What Should You Do?
According to Morey Haber, senior director of program management for BeyondTrust, the solution is relatively simple: Patch and update. "Upgrade your OS and browsers to the latest versions and continue to patch on a regular basis. Avoid end-of-life operating systems like Windows XP. For companies that are still using SSL3.0 on their websites, they need to think of their customers first and upgrade as well."
The major browsers are responding to the threat with updates that will disable SSLv3 and / or prevent the browser from downgrading to the vulnerable protocol. Greg Keizer of sister site Computerworld reported that Mozilla will disable SSLv3 effective with Firefox 34 — scheduled for release on November 25. Google and Microsoft have both announced intentions to make similar changes, but they've not committed to a specific timeline. It seems safe to assume, though, that both Google and Microsoft will react as quickly as possible to protect customers.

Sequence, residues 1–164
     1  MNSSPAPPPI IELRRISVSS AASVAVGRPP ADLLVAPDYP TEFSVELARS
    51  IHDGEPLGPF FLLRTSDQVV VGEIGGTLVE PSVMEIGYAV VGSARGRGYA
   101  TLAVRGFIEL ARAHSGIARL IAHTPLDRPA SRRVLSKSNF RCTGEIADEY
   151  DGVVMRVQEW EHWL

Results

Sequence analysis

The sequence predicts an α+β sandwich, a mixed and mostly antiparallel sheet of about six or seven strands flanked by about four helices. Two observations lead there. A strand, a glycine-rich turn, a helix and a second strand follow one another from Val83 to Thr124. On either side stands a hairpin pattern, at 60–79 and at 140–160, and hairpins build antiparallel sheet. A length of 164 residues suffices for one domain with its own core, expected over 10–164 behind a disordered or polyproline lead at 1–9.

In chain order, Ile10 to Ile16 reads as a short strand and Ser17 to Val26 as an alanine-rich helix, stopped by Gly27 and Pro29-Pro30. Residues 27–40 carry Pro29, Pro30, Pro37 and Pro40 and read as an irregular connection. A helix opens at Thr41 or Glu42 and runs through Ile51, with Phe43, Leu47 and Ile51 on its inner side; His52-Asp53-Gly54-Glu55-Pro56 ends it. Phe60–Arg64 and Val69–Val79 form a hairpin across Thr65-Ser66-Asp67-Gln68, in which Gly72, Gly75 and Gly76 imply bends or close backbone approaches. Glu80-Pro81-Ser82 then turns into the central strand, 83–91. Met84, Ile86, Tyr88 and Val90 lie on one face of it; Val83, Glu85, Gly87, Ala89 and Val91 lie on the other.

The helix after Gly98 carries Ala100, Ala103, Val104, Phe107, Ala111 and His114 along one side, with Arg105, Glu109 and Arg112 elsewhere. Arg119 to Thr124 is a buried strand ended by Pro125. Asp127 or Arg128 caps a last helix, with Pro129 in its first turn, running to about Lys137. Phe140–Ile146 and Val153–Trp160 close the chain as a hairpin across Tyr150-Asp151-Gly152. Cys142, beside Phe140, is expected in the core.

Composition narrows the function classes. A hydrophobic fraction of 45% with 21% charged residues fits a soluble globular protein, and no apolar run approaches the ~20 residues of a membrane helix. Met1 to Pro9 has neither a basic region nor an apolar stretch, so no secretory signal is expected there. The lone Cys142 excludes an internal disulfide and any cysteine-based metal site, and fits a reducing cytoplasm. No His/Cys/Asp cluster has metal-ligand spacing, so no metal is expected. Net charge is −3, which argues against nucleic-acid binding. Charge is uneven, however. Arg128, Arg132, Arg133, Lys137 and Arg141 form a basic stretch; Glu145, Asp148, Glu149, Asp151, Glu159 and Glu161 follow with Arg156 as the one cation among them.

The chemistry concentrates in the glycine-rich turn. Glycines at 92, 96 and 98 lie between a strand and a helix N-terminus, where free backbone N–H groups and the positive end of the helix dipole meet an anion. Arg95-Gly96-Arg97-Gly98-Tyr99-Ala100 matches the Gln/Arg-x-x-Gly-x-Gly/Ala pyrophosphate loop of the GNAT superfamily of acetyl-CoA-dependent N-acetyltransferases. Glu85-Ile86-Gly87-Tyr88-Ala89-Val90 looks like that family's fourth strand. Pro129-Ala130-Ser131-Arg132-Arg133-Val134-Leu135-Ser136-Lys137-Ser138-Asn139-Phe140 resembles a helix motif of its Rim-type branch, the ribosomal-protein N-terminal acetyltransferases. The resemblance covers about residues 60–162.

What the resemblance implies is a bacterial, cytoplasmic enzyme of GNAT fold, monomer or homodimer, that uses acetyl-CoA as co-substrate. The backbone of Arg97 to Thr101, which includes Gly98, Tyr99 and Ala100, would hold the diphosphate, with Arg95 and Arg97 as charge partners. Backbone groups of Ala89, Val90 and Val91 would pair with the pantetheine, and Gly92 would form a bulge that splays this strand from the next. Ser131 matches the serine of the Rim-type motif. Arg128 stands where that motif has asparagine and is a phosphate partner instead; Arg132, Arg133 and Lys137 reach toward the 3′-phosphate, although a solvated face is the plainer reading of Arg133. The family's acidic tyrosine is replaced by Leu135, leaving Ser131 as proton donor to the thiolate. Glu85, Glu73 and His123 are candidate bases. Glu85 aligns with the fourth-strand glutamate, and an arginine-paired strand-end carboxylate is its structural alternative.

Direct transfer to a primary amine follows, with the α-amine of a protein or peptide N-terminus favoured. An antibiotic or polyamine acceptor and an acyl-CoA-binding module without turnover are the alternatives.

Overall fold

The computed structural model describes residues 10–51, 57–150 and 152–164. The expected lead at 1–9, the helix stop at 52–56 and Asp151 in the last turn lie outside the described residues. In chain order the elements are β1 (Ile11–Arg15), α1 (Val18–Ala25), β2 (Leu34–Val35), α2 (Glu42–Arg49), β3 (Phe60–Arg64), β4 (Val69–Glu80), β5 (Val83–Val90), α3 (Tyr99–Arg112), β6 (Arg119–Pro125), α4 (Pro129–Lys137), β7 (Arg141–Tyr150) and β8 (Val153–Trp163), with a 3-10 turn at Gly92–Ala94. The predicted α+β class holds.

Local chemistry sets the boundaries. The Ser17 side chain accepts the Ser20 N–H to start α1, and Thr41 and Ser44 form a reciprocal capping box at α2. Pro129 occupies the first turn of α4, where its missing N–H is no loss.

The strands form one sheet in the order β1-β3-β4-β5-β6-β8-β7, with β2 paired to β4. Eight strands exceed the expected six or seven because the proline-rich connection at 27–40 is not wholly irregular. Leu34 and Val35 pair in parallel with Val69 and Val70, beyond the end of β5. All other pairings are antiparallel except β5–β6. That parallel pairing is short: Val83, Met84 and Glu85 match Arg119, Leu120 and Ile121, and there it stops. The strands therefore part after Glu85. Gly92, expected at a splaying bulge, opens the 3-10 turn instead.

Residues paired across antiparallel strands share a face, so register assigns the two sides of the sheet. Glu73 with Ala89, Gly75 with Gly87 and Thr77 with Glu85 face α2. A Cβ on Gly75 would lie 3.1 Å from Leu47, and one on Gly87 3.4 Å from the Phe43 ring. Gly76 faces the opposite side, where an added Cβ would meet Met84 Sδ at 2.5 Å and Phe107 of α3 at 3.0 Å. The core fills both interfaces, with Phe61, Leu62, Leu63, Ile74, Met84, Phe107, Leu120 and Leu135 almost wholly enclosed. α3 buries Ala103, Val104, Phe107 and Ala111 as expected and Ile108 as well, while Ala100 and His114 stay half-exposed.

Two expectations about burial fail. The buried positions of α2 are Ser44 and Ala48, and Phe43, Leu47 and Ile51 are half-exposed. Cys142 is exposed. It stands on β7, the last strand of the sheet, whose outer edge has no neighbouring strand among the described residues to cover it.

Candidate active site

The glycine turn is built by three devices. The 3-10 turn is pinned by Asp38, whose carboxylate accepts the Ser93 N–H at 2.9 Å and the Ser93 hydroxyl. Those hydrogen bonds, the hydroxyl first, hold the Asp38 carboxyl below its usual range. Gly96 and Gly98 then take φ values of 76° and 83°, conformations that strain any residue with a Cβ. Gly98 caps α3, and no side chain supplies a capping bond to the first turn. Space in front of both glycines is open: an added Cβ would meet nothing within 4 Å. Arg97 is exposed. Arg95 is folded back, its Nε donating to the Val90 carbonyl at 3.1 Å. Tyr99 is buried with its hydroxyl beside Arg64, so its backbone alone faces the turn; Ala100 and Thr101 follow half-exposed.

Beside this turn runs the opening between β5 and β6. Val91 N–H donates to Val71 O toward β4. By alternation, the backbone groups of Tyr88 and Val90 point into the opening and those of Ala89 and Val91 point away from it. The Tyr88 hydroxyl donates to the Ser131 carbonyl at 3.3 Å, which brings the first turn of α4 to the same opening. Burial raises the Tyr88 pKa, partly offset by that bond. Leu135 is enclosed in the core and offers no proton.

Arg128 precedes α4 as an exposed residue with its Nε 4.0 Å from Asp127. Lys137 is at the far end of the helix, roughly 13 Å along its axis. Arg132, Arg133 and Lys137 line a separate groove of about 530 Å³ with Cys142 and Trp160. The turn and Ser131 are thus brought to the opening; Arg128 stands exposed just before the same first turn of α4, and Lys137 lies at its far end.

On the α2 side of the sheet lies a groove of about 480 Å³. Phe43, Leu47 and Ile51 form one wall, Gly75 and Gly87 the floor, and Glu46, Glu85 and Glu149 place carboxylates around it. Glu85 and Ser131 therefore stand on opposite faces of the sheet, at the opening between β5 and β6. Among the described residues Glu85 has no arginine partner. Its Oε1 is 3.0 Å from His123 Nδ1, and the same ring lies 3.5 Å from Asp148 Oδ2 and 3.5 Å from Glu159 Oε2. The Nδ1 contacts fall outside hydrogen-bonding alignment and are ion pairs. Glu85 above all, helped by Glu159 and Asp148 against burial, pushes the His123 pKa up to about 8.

In the meantime, you can manually disable SSLv3 compatibility in your browser. For example, in the Internet Options of Internet Explorer on the Advanced tab under Security, you can simply uncheck SSL 3.0 as an option. It is also possible to do in Firefox and Chrome, although the process may not be as simple.
The most obvious method of mounting a man-in-the-middle attack exploiting POODLE would be to set up a rogue Wi-Fi network and lure users into connecting to it. Itsik Mantin, director of security research for Imperva, stresses, "I think the most important thing from a user's perspective is to take extra caution when connecting to untrusted networks, in particular open Wi-Fi in public areas, and avoid visiting sensitive sites (e.g., banking applications)."
The bottom line is that POODLE is a threat, but its bark is worse than its bite. As long as you use operating systems and applications that are patched and updated, and follow basic security best practices such as not connecting to shady sites or servers, and not conducting online banking over an insecure public Wi-Fi network, you should be relatively safe.
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